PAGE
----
My Top 3 cakes of 2014

So uh… happy new year?

I can’t believe how fast the year was gone. I intended to blog more, but seems this is going to be an annual occurrence!

But I’m still baking when I can, and for special occasions.

First up, and I still can’t believe I did that was this:

YingWedCake2 Yup, it was a humungous cake… for Sugamama’s garden wedding. It was a chocolate cake with vanilla swiss meringue buttercream icing, decorated with some of the flowers that were for displays at the wedding table hahaha!

YingWedCakeHere’s the piece on the final display. Sugamama’s husband just took up a chainsaw and cut a piece of log to go with the rustic back garden wedding look!

Thanks to a bunch of people who lent a help in making this cake in less than 24 hours (yeah last minute decision to make a wedding cake), especially Serena who stayed up till 3am with me to make this cake. I’d say a pretty crazy but good job given that we didn’t have much tools to use and we started at about 4 pm eve of the wedding.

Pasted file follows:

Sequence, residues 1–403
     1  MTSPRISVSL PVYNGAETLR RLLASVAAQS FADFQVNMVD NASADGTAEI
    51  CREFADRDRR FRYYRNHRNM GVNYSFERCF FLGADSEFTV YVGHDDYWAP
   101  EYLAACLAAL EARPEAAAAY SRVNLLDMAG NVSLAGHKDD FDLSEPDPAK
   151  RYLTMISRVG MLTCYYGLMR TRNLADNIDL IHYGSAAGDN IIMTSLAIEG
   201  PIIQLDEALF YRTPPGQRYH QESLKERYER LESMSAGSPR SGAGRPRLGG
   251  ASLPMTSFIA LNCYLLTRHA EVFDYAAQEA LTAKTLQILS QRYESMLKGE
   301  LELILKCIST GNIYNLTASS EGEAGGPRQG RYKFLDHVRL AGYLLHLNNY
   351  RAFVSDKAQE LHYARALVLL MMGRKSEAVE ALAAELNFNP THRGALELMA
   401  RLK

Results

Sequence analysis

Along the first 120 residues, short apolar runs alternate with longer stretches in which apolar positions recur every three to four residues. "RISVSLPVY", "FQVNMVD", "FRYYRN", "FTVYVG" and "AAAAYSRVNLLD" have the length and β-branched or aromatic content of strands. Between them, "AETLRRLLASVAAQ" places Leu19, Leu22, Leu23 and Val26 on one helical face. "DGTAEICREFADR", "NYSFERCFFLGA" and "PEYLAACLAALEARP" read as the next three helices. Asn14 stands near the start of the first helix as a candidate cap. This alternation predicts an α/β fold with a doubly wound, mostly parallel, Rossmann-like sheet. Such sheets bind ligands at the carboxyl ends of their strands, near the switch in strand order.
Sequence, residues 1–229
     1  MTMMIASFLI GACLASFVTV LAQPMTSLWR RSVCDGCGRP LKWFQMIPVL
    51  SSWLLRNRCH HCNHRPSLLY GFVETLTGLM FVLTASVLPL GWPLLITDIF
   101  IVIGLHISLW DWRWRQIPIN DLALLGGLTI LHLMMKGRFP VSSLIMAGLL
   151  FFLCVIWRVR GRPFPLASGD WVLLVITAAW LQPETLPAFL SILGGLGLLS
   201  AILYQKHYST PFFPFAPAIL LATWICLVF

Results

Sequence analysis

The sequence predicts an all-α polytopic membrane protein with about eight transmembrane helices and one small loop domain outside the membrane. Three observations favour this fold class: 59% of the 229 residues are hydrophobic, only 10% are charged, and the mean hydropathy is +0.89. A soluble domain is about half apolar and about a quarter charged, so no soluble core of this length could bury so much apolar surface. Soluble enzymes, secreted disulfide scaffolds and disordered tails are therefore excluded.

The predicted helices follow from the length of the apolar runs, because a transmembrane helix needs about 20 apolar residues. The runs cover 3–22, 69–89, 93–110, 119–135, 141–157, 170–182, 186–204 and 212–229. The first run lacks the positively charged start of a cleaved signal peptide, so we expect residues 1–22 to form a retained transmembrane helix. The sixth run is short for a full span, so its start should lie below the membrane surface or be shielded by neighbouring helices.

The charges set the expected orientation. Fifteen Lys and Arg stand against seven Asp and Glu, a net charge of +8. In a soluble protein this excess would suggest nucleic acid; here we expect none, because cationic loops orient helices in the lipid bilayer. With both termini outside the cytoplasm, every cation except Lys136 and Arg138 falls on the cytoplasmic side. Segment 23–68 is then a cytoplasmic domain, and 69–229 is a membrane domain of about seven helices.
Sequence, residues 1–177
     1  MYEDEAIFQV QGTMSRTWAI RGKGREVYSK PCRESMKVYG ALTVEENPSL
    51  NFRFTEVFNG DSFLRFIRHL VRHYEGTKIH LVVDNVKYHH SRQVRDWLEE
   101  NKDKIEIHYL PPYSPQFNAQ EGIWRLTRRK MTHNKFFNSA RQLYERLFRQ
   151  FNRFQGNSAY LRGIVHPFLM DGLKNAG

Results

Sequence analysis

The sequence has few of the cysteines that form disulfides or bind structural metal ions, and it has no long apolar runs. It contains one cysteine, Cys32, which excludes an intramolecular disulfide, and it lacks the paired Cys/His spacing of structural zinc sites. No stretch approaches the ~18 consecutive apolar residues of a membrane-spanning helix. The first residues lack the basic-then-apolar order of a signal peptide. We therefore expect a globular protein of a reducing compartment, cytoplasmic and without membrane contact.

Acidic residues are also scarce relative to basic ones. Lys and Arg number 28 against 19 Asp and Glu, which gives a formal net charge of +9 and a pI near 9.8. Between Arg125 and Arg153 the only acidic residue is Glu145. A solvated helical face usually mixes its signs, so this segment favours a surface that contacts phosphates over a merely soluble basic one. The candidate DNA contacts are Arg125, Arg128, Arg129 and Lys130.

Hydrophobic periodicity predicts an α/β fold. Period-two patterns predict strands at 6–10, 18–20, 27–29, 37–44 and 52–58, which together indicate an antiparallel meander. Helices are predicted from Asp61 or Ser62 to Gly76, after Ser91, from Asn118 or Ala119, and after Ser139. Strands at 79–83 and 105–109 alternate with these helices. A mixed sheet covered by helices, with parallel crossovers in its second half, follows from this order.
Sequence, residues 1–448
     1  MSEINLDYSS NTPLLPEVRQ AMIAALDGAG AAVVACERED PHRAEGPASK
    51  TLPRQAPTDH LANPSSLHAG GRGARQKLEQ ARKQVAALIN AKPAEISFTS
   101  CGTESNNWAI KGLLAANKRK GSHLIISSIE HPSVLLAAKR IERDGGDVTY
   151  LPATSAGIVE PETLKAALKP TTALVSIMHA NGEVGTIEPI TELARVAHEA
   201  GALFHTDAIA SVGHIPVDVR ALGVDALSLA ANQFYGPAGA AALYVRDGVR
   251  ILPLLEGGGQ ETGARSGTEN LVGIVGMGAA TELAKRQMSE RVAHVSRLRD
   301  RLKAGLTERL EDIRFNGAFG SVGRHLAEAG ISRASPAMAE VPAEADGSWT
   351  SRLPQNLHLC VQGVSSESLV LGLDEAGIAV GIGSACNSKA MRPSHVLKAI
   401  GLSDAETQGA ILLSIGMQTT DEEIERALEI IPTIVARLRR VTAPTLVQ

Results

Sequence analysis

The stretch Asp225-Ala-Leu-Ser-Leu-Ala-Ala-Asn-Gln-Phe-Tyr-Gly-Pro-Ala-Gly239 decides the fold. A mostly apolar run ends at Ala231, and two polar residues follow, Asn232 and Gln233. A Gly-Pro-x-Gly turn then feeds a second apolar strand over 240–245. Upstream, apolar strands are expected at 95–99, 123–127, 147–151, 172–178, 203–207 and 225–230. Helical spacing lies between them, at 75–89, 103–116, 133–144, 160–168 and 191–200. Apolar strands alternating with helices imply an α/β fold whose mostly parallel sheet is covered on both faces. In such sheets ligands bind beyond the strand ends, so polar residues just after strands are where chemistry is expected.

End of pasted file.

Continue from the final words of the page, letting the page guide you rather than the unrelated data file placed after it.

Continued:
The wedding was awesome. On a lovely Canada summer’s day… but bad for the cake as it started to melt a little by the time it was served hehe.

Second cake I loved was this birthday cake I made for Papa Salvatore:
PaCakeA red wine chocolate cake with mascarpone cream and greek yoghurt icing, topped with sour cherries… almost a (boozy) take of a black forest, someone said.

I love the taste and I think Papa Salvatore does too.

Third cake that really made my 2014:

ShaCakeA birthday cake for a very close friend. This was my first chocolate and orange (and heck a lot of grand marnier) cake. I used cadbury’s chocolate fingers as part of the deco too and upped the chocolate dose haha! Icing a a lovely orange swiss meringue buttercream.

That’s all for now. Hope 2015 I’ll have more cakes to come. For now, I’m all caked out especially after that 3 tier wedding cake.


Yee sang for the year of the dragon

It’s the second day of Chinese New Year. How has the Dragon year been so far?

It’s becoming a custom now in Malaysia and Singapore to “Lo Sang” for the new year. Having been so many years abroad, I realised that this Yee Sang business is quite unique to these two countries. Yep, we kinda invented this tradition… or rather, re-invented it.